I spent a week at Kripalu Institute for Yoga and Health last week, teaching storytelling to a dozen remarkable people.
On Tuesday night I performed my one-man show, and on Thursday evening, ten of the storytellers from class took the stage and performed.
It was an extraordinary night.
One of my storytellers had not spoken to a group of people in more than 15 years after suffering a terrible embarrassment in high school. Just standing in front of 50 people was an enormous accomplishment for her. I felt so honored to give her the space and support to help her conquer this enormous fear.
Then she proceeded to make the audience roar with laughter with a hilarious and moving story about her childhood. It turns out that she's a storyteller.
Several of the storytellers stood before this audience of strangers and told stories about parts of their lives that they had never shared before. Hard parts. Haunting parts. The parts that require more bravery to tell than most people can muster.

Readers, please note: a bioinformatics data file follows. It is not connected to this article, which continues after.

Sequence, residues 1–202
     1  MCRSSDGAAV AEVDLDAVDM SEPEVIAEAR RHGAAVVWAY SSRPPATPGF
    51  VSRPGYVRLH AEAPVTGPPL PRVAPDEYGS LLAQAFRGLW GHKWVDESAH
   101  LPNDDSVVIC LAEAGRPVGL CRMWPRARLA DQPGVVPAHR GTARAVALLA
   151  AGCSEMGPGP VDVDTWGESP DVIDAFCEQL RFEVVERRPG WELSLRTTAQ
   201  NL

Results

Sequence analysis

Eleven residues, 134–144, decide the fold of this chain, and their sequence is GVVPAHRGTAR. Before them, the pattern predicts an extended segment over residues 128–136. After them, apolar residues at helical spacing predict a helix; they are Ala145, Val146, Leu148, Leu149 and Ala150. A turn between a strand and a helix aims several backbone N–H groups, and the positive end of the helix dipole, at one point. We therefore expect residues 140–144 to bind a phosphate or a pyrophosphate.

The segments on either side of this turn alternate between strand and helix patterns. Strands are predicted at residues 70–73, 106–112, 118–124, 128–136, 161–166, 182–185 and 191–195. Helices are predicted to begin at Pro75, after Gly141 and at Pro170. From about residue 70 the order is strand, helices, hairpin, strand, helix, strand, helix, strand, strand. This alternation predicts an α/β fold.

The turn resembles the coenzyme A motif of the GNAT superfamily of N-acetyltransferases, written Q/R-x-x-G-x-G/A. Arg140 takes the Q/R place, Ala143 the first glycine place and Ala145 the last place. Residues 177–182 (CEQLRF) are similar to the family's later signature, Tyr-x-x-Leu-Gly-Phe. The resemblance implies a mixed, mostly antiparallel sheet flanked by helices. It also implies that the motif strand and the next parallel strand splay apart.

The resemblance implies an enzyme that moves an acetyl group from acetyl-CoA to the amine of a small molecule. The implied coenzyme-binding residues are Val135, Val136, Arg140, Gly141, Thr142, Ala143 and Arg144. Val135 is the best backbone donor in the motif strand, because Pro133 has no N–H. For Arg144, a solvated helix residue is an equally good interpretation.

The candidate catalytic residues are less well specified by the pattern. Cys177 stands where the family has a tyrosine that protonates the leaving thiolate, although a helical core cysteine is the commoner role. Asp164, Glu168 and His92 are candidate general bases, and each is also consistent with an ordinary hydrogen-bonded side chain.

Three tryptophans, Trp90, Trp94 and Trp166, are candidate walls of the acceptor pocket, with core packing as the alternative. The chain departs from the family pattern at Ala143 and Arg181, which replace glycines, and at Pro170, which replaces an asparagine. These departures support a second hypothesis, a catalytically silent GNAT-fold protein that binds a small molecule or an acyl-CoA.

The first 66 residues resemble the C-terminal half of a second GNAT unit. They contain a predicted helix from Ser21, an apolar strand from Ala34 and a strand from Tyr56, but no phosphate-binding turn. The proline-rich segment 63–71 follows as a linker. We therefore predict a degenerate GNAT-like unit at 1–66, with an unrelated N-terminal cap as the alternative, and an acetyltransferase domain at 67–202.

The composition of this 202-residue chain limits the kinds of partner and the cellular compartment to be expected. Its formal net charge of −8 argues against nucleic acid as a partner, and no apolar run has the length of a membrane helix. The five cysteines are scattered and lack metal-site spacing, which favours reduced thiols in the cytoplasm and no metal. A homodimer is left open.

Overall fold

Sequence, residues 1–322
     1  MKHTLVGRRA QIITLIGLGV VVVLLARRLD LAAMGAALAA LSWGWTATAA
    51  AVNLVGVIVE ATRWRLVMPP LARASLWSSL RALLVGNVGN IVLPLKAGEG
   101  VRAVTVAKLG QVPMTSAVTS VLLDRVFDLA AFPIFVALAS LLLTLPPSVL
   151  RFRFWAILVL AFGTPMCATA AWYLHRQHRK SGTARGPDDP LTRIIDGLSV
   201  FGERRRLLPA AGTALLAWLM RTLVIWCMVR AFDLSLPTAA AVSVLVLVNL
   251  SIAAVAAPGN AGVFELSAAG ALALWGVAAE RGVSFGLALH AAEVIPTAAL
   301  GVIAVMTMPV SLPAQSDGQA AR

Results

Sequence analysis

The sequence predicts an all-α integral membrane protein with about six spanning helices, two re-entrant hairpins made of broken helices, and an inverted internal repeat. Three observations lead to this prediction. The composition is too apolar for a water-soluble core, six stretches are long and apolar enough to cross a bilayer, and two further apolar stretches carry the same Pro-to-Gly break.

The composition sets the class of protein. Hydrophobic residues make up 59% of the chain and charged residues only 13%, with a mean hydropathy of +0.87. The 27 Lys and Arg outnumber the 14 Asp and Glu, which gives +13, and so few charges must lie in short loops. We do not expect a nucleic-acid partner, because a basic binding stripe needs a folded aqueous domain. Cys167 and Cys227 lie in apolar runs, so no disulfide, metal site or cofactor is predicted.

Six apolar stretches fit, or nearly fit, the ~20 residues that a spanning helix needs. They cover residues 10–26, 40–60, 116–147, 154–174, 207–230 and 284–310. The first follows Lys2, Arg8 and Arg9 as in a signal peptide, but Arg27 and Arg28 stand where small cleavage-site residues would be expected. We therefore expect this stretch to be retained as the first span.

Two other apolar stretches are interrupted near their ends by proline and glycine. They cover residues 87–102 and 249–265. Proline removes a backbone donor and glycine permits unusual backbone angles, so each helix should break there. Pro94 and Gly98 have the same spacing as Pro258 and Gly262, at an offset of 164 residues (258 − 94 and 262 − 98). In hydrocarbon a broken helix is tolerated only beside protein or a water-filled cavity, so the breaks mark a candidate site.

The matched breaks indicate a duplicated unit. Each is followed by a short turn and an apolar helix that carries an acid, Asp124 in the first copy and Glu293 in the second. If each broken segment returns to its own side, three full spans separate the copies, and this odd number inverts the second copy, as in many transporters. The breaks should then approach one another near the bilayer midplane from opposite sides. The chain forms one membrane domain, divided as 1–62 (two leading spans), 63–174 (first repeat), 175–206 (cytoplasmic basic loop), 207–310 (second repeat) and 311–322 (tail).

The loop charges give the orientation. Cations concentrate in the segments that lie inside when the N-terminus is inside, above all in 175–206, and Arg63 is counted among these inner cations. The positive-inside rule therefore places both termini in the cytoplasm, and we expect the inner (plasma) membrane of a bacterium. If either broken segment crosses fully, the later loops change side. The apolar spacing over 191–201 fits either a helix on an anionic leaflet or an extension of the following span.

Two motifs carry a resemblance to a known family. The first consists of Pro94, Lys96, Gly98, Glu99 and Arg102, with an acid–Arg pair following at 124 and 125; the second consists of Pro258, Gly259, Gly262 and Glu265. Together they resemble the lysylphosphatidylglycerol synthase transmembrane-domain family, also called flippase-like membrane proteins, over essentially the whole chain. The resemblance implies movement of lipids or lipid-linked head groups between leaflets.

There was laughter and tears. Gasps and guffaws. Hilarity and heartbreak. There were lines that I will never forget. "Golden sentences" one of my storytellers dubbed, and she was right. It was 90 minutes of beauty nestled in the quiet mountains of the Berkshires. It was dark outside, but each storyteller shone bright that night.
After the show, a man approached me. He reached into his pocket, removed a small container, and held it out for me to see. He explained that he suffered from a heart condition, and this was his nitroglycerin. The medication he needed if his heart started "acting up."
"But I feel like I should throw this away," he said. "My heart doesn't need medication. It needs what you did on Tuesday night and these people did tonight. I've listened to all these stories, and my heart hasn't felt this good in twenty years. This is what people need. This is what I need."
I suggested that he keep the nitroglycerin close in the event a storyteller is not available when his heart started "acting up" again, and he agreed.
But he was right.
Stories are good for the heart and good for the soul.